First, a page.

Aircraft from the Air Force, other branches of the U.S. military and coalition nations released more than 7,000 weapons against the Islamic State in January and February — the most of any two-month stretch since Operation Inherent Resolve began more than two and a half years ago.
statistics posted online last week
by U.S. Air Forces Central Command, the coalition released 3,600 weapons against ISIS in January and another 3,440 in February. Before this year began, the busiest month for the Air Force against ISIS was November 2015, when 3,242 weapons were released.
AFCENT spokeswoman Capt. Kathleen Atanasoff said in an email that part of that increase is due to the Air Force's effort to support Iraqi and other allied forces as they continue their effort to retake the strategically key cities of Mosul in Iraq and Raqqa in Syria. Iraqi soldiers, for example, have cleared ISIS from the eastern half of Mosul and are now fighting their way through the western part of the city.
Atanasoff also said that the coalition also tends to increase its airstrikes as partner forces make progress in seizing territory.
"As they move forward, clear land and find the enemy, we are able to hunt down and kill ISIS," Atanasoff said in an email Saturday.
AFCENT's statistics do not account for all coalition weapons released, however. The statistics account for weapons released by aircraft under Combined Forces Air Component Commander (CFACC) control, Atanasoff said, which include aircraft from all U.S. military branches and coalition aircraft. But, Atanasoff said, "not all aircraft flying in the [area of responsibility] fall under CFACC control."
Also, a Military Times investigation in February found that potentially thousands of airstrikes, such as strikes conducted over the years by attack helicopters and armed drones operated by the Army, were not included in AFCENT's statistics. This means that the number of weapons released so far this year is likely higher than the statistics show.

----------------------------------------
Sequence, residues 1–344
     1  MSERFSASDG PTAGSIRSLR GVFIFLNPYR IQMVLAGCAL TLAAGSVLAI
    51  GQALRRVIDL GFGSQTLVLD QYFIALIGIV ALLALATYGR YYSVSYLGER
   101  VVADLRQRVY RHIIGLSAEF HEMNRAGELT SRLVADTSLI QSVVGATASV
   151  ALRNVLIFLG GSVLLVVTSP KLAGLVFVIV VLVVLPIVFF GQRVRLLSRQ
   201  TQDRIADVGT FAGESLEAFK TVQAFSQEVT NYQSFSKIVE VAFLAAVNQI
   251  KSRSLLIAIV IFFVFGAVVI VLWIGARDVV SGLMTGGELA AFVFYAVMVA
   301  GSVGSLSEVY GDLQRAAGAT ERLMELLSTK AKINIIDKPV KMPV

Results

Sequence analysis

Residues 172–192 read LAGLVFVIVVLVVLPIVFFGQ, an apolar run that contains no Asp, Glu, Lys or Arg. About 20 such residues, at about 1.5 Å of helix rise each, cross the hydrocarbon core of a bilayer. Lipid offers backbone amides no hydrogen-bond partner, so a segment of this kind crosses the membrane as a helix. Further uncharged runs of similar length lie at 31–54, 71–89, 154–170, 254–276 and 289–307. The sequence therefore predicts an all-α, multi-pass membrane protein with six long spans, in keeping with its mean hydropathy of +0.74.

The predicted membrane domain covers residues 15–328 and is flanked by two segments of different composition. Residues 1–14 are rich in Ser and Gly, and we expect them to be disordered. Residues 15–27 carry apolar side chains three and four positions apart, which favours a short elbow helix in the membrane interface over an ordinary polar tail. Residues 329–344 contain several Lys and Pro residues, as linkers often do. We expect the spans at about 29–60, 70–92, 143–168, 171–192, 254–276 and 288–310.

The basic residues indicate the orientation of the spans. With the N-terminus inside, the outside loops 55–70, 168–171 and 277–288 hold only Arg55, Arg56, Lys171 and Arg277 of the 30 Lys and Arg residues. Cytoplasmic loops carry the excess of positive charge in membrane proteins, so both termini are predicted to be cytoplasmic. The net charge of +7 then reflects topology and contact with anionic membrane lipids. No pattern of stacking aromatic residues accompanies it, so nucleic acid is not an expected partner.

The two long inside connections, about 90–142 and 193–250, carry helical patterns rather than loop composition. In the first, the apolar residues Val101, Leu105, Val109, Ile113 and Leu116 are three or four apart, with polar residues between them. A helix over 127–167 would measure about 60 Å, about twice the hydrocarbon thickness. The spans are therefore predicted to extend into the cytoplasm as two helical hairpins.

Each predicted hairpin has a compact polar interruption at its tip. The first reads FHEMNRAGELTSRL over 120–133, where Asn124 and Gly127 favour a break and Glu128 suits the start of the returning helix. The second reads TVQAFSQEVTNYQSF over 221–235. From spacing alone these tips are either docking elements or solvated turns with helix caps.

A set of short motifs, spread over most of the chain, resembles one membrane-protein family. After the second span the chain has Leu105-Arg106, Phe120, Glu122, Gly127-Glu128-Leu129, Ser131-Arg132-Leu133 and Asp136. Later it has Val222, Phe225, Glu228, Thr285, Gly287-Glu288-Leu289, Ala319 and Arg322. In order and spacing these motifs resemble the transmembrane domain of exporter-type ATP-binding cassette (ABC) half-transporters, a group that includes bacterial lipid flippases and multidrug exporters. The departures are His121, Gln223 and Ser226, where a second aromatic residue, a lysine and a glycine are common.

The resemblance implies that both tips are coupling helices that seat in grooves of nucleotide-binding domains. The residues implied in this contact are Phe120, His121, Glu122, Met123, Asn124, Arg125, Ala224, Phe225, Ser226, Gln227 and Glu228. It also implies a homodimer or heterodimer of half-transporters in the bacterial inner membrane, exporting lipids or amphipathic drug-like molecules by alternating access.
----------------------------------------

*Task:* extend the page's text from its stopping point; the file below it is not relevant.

So far in 2017, the coalition fighting ISIS has conducted at least 3,271 sorties, with 2,129 of those having at least one weapon release. That's down from the 4,047 sorties conducted by this point last year, but an increase from the 1,900 sorties with at least one weapon release in the first two months of 2016.
The statistics also showed the number of weapons released in Afghanistan increased sharply, from 54 in January to 200 in February. That is among the highest monthly tallies in Afghanistan over the last two years. The only months with higher totals since 2015 began were October 2015, when 203 weapons were released, and October 2016, when 205 were released.
Atanasoff said that bad weather on several days in January grounded aircraft in Afghanistan, resulting in the lowest number of weapons released since May 2015. But as the weather improved in February, the coalition was able to conduct more missions. This will likely continue as the weather continues to improve, she said.
"As we enter spring, more operations are possible since we have more favorable conditions to conduct operations in Afghanistan," Atanasoff said.